Disabling the EGR helps by increasing the power, efficiency and life of the engine.

The EGR is closed under low load/RPM conditions. In high load/RPM the EGR opens up, directly letting the exhaust gases from the engine (not from exhaust pipe) into the intake manifold. This replaces some of the air in the combustion mixture with exhaust gases. The exhaust gases include large portions of Nitrogen (N2), Water Vapor (H2O) and Carbon Dioxide (CO2) with a small portion of Carbon Monoxide (CO) from incomplete combustion, Hydrocarbons (CxHy) from unburnt fuel, Nitrogen Oxides (NOx) from excessive combustion temperatures, Ozone (O3), and Particulate matter (mostly soot which is carbon particles).

Most service centers offer engine decarbonising to remove the carbon deposits off the engine cylinders. The process includes running the engine with some sort of decarbonising liquid. But this hardly works. If one may find an experienced car mechanic/engineer, he'll tell you that the engine has to be opened and the carbon deposits (which becomes hard like diamond) have to be removed using a blunt tool physically in order to 'effectively' decarbonize it.

Hence,
1. The carbon deposits reduce engine life (The main concern)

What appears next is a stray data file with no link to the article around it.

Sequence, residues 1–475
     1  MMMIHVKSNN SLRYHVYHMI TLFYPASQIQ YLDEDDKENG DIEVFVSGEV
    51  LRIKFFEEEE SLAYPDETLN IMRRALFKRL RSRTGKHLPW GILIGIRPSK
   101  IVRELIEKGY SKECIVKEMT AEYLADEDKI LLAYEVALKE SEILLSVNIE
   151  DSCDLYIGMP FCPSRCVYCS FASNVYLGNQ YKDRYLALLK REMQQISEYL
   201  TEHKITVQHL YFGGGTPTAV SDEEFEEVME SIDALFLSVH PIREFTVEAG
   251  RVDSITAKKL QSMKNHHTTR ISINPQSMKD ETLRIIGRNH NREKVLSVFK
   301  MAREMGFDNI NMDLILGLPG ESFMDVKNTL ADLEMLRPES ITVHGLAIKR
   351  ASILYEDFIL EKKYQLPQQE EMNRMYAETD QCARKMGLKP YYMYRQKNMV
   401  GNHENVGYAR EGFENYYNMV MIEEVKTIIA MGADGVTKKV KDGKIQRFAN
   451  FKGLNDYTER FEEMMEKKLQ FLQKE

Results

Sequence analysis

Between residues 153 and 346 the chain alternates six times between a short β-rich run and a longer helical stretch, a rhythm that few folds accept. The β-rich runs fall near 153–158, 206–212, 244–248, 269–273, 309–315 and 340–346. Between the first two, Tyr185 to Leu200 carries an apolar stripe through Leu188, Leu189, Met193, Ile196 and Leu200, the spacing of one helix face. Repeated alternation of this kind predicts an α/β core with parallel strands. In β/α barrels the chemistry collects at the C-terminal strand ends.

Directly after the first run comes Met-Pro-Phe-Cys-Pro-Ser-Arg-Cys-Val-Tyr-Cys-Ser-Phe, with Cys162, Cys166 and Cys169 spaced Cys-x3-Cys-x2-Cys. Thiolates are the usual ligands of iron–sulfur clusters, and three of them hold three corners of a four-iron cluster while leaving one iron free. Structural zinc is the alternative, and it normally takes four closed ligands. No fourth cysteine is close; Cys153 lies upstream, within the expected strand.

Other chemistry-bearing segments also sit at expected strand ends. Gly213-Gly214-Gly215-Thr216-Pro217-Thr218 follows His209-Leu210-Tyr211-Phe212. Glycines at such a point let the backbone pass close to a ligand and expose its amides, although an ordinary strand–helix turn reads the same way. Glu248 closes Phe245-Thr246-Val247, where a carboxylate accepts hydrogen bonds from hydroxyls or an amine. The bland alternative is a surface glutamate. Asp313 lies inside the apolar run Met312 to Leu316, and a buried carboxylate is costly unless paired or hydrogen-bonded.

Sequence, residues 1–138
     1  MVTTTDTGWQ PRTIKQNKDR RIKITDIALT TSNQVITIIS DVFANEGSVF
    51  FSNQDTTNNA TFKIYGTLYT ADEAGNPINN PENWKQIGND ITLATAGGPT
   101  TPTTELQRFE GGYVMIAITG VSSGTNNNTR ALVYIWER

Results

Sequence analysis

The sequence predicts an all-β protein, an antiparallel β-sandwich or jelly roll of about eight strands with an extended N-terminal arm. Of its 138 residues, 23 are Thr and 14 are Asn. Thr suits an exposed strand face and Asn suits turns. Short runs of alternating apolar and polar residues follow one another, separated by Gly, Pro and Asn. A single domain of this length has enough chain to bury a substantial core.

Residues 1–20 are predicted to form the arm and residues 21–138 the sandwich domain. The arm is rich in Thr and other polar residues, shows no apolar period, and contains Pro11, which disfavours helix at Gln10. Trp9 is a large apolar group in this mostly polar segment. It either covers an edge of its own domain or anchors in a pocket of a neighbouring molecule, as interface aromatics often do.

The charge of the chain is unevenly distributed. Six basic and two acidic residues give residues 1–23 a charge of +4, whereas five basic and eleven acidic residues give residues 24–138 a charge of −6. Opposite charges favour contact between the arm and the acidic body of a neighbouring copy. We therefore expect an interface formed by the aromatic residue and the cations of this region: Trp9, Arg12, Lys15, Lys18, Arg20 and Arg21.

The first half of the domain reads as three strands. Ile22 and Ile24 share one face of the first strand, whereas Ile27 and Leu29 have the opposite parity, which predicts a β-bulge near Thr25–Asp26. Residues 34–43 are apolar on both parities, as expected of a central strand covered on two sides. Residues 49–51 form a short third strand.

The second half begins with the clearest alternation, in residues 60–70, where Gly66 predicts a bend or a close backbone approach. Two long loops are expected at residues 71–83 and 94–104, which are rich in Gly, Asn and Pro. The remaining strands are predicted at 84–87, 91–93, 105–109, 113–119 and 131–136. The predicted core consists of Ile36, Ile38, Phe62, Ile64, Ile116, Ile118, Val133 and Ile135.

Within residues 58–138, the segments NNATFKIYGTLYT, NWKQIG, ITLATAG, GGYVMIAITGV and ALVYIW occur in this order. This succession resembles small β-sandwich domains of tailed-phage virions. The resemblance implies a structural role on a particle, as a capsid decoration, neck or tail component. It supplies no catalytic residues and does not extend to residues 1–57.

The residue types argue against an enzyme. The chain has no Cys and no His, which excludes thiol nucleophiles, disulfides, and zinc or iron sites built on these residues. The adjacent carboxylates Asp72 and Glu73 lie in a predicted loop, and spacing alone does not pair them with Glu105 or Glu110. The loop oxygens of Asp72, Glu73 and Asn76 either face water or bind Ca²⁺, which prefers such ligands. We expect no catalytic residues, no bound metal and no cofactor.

2. The carbon deposits reduce efficiency over time (As the carbon deposits restrict smooth piston movement).
2. The exhaust gases reduce performance (As they replace the oxygen) but it 'may' be marginal.

Quote:
Originally Posted by jkdas View Post
My Safari has a irritating noise from smaller EGR while new ones gets bigger.Lucky people.
Hmm.. what kind of noise? The EGR shouldn't contain any moving parts except the valve.
DIY Guru is offline   Reply With Quote
Old 8th December 2010, 09:36   #29
BHPian
 
DIY Guru's Avatar
 
Join Date: Nov 2010
Location: Ranchi
Posts: 29
Thanked: 3 Times
Thumbs up Re: Swift DDIS - EGR disabling

Quote:
Originally Posted by kulvinder singh View Post
Will do- so far havn't been able to get good soldering of copper to ss plate for heat exchange between exhaust gas and water. So just waiting for some moulding equipment and decent quality copper- and solder etc.. to arrive from abroad--